CT Scan for pancreatic cancer
A CT (computed tomography) is a detailed and specialist type of X-ray.
The CT unit is linked to a sophisticated computer that builds up lots of very detailed images from inside your body. Having a CT scan is completely painless.
The scanner is shaped like a doughnut. It is about three feet wide and is open at both ends. You will be asked to lie still on a table, which slides into the scanner. If necessary, your head and neck will be supported. The scan usually lasts from 15 to 45 minutes, but it depends on the area to be examined. If you need a CT scan, your local scanning department will offer you more detailed written information.
What will happen?
Preparation for a CT scan can vary from patient to patient. The x-ray department, your doctor or nurse will tell you what you need to do before you go for your scan.
You may be asked to drink and/or have an injection of dye. This allows the doctor to see the area being scanned more clearly.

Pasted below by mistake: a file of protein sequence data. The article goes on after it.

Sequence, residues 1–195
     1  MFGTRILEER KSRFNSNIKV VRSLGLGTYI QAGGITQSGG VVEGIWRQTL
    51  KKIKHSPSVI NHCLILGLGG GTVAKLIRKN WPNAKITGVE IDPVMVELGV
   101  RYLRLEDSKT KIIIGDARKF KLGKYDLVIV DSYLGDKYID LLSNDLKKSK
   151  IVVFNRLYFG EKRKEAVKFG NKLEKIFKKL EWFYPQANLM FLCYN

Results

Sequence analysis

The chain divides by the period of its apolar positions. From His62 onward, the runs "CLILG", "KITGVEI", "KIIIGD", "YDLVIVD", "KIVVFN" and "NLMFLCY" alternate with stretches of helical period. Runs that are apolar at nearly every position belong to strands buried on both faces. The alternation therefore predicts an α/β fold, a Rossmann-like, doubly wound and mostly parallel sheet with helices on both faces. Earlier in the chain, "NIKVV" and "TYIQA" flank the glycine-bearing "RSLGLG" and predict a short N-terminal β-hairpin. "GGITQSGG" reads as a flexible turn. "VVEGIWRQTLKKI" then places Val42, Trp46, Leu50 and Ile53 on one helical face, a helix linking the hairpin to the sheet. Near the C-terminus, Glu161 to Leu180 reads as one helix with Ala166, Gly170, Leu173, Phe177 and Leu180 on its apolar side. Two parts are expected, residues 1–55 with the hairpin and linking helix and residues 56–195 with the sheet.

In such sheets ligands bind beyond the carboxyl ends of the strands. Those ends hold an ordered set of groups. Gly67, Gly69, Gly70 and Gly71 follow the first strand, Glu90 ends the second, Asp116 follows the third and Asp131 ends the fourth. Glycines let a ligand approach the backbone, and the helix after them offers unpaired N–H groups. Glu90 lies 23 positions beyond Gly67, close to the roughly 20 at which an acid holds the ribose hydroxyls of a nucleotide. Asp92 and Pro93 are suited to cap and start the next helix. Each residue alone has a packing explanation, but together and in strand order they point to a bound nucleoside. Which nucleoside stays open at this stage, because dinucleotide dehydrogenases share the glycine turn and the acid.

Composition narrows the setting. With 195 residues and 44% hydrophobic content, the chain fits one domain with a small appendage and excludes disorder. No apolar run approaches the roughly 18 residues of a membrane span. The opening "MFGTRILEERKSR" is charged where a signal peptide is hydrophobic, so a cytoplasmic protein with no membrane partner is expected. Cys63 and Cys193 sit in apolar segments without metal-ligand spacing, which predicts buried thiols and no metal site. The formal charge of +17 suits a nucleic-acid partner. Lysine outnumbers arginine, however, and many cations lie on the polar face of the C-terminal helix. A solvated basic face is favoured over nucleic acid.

If you are allergic to iodine, fish or dyes, you need to tell the person doing the CT scan in advance, as you may not be able to have the dye, drink or injection.
You will need to let your doctor or nurse know if you:
- Have any allergies
- Have asthma
- Have diabetes
- Have kidney problems
- Are taking any medication
- Are pregnant
- Are afraid of needles
- Have had any problems before with any type of X-ray or radiology examination.
Remember you will not be enclosed in any way
When will I get the result?
It can take a few weeks for the report to be made available to your consultant. You will be given a return appointment to discuss your results and what happens next.
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Information Product No. | Published: 03/10/2019 | Last Updated: 15/10/2019 | Next Review Due: 03/10/2022